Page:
It’s been a few years since we last caught up with Surly, Andie and the rest of the gang. In that time, they have made a life for themselves….in the condemned peanut shop from the first film. Living high off the hog, they have stayed under the radar, Surly has become the respected leader and life for the community is good.
In an early moment in the film, Andie (voiced by Katherine Heigl) tries to teach the younger generation how to forage for themselves, trying to instill the natural instincts that are lost when we become too complacent. Of course, this is as far as the script takes that thread when the peanut store blows up.
And that’s the problem with “The Nut Job 2: Nutty by Nature” – this was the only story thread they should have explored. Much like the condemned peanut shop, Cal Brunker, Bob Barlen and Scott Bindley just bulldoze their way through that one plot point as they elect to meander through a greedy mayor who wants to capitalize on the land with a theme park, a spoiled daughter, a nonsensical animal control officer and the addition of ninja mice. The trio does focus on making sure that Surly addresses the ongoing issue of survival, but they didn’t take any care to make his struggle relatable to the audience. Eventually, Surly gets there; it just takes a tragedy or three to get there, but he does get there.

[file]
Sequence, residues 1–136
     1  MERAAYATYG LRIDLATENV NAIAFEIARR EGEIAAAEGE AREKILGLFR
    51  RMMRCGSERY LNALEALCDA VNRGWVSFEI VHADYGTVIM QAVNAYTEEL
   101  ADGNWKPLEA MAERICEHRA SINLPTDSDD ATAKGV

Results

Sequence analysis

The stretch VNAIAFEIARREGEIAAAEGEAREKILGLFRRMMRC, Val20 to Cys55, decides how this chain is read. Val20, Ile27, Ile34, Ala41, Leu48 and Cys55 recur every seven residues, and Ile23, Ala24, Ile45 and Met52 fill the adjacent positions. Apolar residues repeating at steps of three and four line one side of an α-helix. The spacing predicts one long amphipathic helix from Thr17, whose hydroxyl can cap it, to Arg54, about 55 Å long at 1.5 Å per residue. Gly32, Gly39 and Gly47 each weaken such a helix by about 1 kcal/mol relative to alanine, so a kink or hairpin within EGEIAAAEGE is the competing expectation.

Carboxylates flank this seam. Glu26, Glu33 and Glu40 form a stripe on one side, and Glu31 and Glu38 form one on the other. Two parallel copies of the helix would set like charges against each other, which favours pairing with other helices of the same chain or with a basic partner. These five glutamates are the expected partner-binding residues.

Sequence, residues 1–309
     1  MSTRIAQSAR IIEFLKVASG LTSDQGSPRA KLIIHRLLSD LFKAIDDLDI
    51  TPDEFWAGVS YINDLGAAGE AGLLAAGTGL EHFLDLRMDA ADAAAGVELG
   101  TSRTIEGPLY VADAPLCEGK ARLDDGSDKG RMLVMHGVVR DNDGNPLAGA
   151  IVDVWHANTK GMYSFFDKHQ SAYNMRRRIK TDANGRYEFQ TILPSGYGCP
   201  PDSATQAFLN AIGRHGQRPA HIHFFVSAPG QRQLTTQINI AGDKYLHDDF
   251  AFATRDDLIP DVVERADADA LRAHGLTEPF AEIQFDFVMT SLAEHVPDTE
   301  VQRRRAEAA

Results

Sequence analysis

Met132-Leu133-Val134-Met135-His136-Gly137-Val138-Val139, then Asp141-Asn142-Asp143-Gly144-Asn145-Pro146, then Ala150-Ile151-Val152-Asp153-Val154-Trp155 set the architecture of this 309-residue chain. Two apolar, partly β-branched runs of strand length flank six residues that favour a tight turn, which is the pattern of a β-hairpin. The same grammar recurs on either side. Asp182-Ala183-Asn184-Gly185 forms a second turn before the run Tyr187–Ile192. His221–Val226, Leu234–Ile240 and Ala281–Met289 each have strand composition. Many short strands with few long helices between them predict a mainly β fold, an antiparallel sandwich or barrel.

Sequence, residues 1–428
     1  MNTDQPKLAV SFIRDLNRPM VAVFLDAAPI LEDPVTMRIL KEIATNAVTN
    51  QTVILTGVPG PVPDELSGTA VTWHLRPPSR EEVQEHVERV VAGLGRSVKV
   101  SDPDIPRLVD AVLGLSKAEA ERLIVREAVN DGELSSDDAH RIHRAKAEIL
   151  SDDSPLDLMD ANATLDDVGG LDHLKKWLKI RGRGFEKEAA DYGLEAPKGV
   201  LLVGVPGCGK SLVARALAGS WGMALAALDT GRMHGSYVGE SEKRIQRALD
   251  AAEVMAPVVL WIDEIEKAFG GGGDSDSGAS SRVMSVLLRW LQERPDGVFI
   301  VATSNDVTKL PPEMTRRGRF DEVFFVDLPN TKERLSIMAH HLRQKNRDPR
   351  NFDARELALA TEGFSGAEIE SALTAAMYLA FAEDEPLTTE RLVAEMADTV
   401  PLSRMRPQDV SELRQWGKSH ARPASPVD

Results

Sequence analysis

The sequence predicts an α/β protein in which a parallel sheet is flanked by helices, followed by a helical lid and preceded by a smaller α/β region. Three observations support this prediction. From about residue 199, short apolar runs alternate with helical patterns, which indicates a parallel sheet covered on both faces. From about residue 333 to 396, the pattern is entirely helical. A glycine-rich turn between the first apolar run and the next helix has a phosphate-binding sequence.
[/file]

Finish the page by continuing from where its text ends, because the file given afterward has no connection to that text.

That’s not to say that what is on the screen isn’t all bad. There is an awkward love story between Precious, voiced by Maya Rudolf and Frankie voiced by Bobby Cannavale which ultimately works, no thanks to the circumstances in which they came together. Heigl and Arnett do quite well when their characters are apart from each other, but their awkwardness at the beginning of film spoiled the latter half.
Once the story found its footing, the overall premise of this film was better than the first film owing to Cal Brunner’s direction. Brunner’s attention to the use of the 3D space throughout the film is top notch leading to some very strong character moments.
Brunner made two smart choices here. The first was to bring Heitor Pereira over from Despicable Me; the score here is sublime. The second brilliant choice was to add Jackie Chan as Mr. Feng. The ‘cute’ gag got a bit old, but it serves its purpose.
As I left my screening, I was fuming over the inconsistent storytelling and awkward character moments paired with the gorgeous animation. Yet, all I could think about was the classic Peter Paul company Almond Joy jingle: “Sometimes you feel like a nut. Sometimes you don’t.” It is better than the original film, but the inconsistency drags it down.
Now in theaters, it will appeal to the younger crowd and those who are young at heart.